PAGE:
The Commission on Presidential Debates has announced that it will employ mute buttons during tonight’s debate, cutting off President Donald Trump or Vice President Joe Biden if either attempts to interrupt the other’s two-minute speaking time. On the surface, this might seem like an excellent idea: We’ll get to hear more of the candidates’ answers to questions, and less crosstalk, than we did four weeks ago.
But the decision to mute the candidates is a mistake. In choosing the appearance of civility over an honest, open display of the two men’s characters, the commission has failed in the way so many institutions have failed over these past four years: by giving a sheen of normalcy to an utterly dangerous moment and man.
The first debate, held on September 29, was widely agreed to have been a disaster. For 90 minutes, Trump yelled, blustered, attacked, and threw a temper tantrum. Vice President Biden occasionally fired back (I don’t believe a president has ever been told to shut up on live TV before) but the dynamic of the night was clear: President Trump was the bull, and the rest of us were the china shop.
Before the debate had even ended, the idea of a presidential mute button was gaining steam, and it’s easy to see why. What took place in Cleveland four weeks ago was a spectacle and an embarrassment—but it was by no reasonable definition a debate. A few of Trump’s supporters enjoyed that he seemed, to them at least, to be the alpha male in the room. But among those who, regardless of party, believe that American politics ought to have more dignity than a reality show, the display was unconscionable. Biden supporters were particularly concerned, since the debacle robbed their candidate of the chance to discuss his views.
Yet in their early reaction, many progressives—myself included—got it wrong. As disgusting as the spectacle was, it revealed something important about the president’s character and the choice in this election. And, as polls later demonstrated, Americans took notice. By large margins, they agreed that Vice President Biden won the first debate—and that President Trump’s conduct was one of the main reasons he lost.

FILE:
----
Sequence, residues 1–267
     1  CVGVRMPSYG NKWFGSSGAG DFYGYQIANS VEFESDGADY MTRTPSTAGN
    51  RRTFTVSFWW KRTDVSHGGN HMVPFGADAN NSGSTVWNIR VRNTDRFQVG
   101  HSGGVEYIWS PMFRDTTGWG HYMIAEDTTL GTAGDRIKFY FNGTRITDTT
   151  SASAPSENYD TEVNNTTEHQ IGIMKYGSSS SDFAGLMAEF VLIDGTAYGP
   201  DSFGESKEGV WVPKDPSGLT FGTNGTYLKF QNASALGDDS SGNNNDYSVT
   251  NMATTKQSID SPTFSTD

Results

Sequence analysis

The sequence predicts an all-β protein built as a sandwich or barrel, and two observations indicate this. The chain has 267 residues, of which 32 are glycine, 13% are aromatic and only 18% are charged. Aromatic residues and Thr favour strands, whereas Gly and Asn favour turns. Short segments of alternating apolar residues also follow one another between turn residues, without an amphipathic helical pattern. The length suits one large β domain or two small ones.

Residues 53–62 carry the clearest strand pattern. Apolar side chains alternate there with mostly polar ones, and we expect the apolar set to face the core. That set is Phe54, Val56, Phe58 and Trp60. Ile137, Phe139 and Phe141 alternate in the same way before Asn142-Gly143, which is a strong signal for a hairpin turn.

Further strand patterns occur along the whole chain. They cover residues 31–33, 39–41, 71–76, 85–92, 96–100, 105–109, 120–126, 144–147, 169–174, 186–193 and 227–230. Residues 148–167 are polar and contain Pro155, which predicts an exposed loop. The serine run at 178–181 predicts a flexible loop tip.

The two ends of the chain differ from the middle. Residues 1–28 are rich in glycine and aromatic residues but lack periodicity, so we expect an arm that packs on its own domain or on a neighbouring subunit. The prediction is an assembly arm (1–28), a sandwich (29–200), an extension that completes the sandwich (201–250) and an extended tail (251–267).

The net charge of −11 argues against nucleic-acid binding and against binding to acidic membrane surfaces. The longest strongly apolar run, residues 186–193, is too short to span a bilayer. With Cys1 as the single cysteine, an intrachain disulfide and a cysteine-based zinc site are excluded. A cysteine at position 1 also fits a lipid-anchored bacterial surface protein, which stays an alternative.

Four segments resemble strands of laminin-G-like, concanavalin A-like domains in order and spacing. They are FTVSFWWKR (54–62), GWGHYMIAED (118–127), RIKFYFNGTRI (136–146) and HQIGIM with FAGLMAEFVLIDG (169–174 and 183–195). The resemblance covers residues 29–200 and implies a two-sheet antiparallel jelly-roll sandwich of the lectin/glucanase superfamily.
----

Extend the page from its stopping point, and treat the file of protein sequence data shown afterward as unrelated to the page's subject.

This is exactly what we should want out of a democracy. By making it more difficult for candidates who behave like angry toddlers to win elections, the American people are enforcing norms, and reducing the likelihood that future politicians will break them. What initially looked like a tragedy for American democracy was in fact an enormous victory.
Which is what makes the recent behavior of the commission so confounding. Thanks to its choice to mute the candidates, the American people won’t get another opportunity to witness the president’s true behavior. There is a vanishingly small chance that Trump would have pulled himself together and acted like a grown-up. There is a far greater chance that Trump would have picked up where he left off in Cleveland, giving the public an excellent, albeit terrifying, insight into how he’ll govern over the next four years. Now they won’t see that. The mute button isn’t necessary to protect the norm that candidates should be respectful during debates; the voters already proved themselves capable of protecting it without one. Instead, the mute button will impose a new, more subdued tone upon a man who is incapable of adopting one himself.
Even with a presidential pacifier, Trump is not destined to win the final debate, or get through it without embarrassment. Nor is one debate likely to change everything, no matter how much the president wishes it would. But institutions covering up the ugly reality of Trumpism with a thin veneer of civility is not a new or isolated phenomenon. For four years, too many news organizations have overlooked or downplayed the president’s most vile comments. Too many Washington think tanks, panels, and parties have insisted, in the name of nonpartisanship, on treating all sides’ opinions as equally valid. Too many politicians, and former politicians, continue to treat Donald Trump as though he’s a run-of-the-mill conservative president, rather than the unprecedented threat to American democracy we saw on display in Cleveland.
For an hour and a half on Thursday, we’ll probably appreciate the commission’s rule change. Our national blood pressure and alcohol consumption will likely be far lower than they were four weeks ago. But the commission, while capable of forcing Trump to play by the rules for 90 minutes, has no similar power over the next four years. The best way to promote civility, not just for an evening, but over the long term, is to let the candidates remind the American people who they really are, and let the American people vote accordingly.
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